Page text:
Update: On December 1, the State Border Guard Service of Ukraine clarified that "persons who have a diplomatic status in Ukraine, are vehicle service attendants and those who arrive in Ukraine with documents confirming permanent or temporary residence in the territory of Ukraine, can back up their travel purpose, or their trip has a humanitarian nature, which includes death or serious illness of close relatives, health treatment, studies, invitation to participate in certain projects, competitions and so on, will be permitted to cross the border. However, these will only apply if the person has not been previously refused entry to Ukraine."
Ukraine has banned male Russian citizens aged between 16 and 60 from entering the country. This comes after the government imposed martial law in 10 regions of the country in response to Russia’s attack on Ukrainian ships near the Kerch Strait. However, there are still humanitarian grounds on which Russian citizens can enter.
Hromadske explains the details of the ban according to the State Border Guard Service of Ukraine.
Despite the ban, which has been imposed as part of martial law, male Russian citizens will be able to enter Ukraine:
To attend a funeral
To visit a close relative who is ill
If they have diplomatic status
If they have documents which allow them to live in Ukraine.
The Border Guard Service gave an ambiguous response as to whether these were the only conditions under which Russians would be allowed into Ukraine.
“In each individual case, all decisions will be made at the checkpoints. All these (decisions on whether to allow someone in – ed.) could be on an individual basis,” spokesperson for the State Border Guard Service Andriy Demchenko stated.
When asked if border guards can make these decisions by themselves, seeing as the list of humanitarian conditions is vague, Demchenko said that “all border guards have senior leaders, who are able to make the decision on letting a citizen in.”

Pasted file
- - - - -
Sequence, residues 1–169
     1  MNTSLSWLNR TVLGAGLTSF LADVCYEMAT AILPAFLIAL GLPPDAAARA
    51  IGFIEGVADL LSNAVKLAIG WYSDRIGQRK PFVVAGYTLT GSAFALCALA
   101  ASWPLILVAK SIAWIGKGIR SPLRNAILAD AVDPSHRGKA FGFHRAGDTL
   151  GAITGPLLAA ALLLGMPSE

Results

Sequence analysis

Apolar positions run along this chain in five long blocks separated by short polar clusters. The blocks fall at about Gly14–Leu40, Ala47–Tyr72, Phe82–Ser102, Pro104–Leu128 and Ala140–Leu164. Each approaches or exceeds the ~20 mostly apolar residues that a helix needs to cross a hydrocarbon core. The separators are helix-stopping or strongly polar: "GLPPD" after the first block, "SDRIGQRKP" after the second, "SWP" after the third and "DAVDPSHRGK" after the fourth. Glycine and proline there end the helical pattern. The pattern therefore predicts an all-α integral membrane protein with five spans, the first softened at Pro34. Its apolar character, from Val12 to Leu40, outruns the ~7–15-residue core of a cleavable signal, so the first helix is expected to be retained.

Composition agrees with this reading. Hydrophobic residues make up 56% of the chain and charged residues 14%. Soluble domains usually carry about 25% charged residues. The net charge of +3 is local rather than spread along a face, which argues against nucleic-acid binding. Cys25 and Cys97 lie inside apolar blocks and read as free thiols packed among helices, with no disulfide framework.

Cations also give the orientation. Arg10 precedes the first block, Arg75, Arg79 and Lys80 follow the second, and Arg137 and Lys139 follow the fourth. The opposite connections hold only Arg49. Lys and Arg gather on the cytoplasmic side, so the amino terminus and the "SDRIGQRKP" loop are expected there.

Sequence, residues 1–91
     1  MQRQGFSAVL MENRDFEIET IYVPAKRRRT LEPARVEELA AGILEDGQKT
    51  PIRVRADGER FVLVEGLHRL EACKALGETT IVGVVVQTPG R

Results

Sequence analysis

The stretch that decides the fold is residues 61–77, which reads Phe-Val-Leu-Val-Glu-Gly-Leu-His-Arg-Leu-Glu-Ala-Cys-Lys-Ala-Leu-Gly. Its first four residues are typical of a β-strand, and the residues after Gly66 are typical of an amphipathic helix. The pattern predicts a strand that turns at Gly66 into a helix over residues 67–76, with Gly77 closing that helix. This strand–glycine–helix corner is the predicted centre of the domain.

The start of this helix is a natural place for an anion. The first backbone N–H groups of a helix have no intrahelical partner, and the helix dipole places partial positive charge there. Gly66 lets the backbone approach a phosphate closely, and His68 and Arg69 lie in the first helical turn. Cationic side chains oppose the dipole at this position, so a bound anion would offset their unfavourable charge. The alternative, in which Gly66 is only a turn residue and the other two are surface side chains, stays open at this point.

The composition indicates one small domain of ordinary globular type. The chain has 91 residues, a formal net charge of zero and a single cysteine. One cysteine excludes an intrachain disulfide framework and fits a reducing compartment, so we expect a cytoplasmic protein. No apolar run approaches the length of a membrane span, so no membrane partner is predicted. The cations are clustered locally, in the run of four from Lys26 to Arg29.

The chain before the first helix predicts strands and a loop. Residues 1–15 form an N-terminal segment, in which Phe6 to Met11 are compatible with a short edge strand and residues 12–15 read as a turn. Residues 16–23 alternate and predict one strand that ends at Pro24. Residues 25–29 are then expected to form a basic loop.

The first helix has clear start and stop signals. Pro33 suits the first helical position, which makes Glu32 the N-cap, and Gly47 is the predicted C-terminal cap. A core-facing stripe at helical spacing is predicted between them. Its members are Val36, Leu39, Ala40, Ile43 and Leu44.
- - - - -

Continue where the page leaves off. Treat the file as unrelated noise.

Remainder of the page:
The Border Guard Service also explained the procedure for stricter checks at the border for entering Ukraine. From now on, border guards will conduct interviews with people in order to single out those who may be entering Ukraine to destabilize the situation. They will also carry out additional checks on people’s documentation, for example, to see if they have visited annexed Crimea or occupied Donbas, as well as whether or not they have visited Ukraine before or violated Ukrainian law in the past. All available databases, especially the Interpol database, will also be checked at the border when entering.
Those who don’t have a clear reason for entering Ukraine will also be denied entry.
Demchenko stressed the fact that this ban does not only affect Russians, but any foreigner who could pose a threat. However, Russians will be given “more attention,” Demchenko adds.
On November 29, 75 Russian citizens were denied entry to Ukraine. Most of them, according to Demchenko, were unable to confirm the purpose of their visit, and others rest had invalid documents.
Those who were denied entry due to a previous visit to annexed Crimea or occupied Donbas, and had not travelled there via Ukrainian checkpoints, were handed documents stating they had not be allowed entry and were banned from entering Ukraine.
The Russian Foreign Ministry spokesperson Maria Zakharova has stated that Russia is not planning on taking similar action against Ukraine.
“If someone was to try and mirror what is now going on in Kyiv, this could lead to some sort of insanity, and if we’re talking on a national scale, this could simply lead to collapse,” Zakharova stated at a briefing on November 30.